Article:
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What next now that wages are growing faster than inflation? | Property Insiders [Video] - featured image
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What next now that wages are growing faster than inflation? | Property Insiders [Video]

What’s ahead for interest rates?

Sure we all want interest rates to fall, and currently, the media is full of economists’ forecasts as to when the first rate fall will occur.

But just when we think we know what’s ahead, we get hit out of the blue with news such as the strongest growth in weekly wage earnings since 2008.

While strong wages growth will help support buyer sentiment for our housing markets, the risk is that wages growth could contribute to more persistent inflation pressures than the Reserve Bank hopes for.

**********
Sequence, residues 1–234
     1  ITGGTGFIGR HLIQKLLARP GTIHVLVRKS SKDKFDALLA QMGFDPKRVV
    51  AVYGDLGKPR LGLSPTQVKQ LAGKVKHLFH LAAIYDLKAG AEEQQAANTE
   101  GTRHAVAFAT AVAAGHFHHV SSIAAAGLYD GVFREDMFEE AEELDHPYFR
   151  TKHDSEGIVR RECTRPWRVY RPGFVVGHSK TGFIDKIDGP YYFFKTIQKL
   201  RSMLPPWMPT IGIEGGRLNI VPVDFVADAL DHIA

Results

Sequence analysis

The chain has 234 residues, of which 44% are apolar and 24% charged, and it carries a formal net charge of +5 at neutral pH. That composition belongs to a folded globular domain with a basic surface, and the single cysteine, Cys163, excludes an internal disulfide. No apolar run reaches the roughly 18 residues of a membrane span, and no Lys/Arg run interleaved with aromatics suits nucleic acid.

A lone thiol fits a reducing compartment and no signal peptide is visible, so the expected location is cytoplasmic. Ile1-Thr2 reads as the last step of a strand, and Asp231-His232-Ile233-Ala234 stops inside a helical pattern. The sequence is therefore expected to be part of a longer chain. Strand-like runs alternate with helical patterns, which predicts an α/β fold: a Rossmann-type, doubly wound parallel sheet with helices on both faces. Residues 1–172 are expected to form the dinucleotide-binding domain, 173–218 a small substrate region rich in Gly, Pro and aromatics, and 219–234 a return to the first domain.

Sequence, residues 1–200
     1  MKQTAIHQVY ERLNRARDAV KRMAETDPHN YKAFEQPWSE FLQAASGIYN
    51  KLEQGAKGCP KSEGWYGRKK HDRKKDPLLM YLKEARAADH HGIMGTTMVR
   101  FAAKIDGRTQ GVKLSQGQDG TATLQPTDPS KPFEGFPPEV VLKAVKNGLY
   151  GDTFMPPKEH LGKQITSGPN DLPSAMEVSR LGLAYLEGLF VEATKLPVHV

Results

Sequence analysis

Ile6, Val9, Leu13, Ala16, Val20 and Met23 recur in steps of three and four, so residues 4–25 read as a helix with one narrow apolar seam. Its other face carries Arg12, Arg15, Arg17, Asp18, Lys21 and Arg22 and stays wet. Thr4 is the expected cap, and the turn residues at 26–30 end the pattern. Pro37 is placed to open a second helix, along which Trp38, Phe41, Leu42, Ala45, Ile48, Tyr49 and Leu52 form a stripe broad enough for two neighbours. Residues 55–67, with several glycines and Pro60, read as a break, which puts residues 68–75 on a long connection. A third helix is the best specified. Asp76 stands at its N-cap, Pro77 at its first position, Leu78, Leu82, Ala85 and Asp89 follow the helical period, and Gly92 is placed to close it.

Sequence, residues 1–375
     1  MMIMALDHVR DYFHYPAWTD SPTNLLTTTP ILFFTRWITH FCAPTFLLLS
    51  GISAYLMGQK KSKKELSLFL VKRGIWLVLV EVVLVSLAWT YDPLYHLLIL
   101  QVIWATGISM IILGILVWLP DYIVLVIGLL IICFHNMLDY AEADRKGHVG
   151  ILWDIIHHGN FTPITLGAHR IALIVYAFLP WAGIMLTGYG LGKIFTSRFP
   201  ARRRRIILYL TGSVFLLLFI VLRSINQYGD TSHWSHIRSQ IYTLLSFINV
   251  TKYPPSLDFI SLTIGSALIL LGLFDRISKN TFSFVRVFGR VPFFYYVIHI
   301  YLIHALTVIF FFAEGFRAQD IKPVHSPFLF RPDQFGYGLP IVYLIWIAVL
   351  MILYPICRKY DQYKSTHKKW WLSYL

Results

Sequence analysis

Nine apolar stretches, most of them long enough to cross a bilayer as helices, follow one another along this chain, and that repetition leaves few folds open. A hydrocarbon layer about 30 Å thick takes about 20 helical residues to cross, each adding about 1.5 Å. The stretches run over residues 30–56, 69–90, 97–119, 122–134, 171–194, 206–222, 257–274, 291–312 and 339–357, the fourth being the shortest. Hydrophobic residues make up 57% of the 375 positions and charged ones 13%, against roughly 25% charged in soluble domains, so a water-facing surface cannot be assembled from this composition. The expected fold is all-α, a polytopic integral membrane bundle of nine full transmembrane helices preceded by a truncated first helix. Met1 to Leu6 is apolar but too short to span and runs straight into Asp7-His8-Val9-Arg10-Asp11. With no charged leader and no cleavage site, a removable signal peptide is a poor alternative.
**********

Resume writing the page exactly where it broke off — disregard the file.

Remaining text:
So the good news is that wages have increased (+4.2%)  faster than inflation (=4.1%.)

But the bad news is wages have increased faster than inflation so in this week’s Property Insider chat I get Dr. Andrew Wilson’s thoughts on what this latest data means, and I also get his views on what’s ahead for our housing markets considering the strong auction results our housing markets are experiencing.

Of course, auctions are a great “in-time” indicator of what our buyers and sellers are feeling and a good “leading” indicator as to what’s ahead for house prices.

Wages surging

The Wage Price Index (WPI) rose 0.9 per cent in the December quarter of 2023, and 4.2 per cent for the year, according to seasonally adjusted data released today by the Australian Bureau of Statistics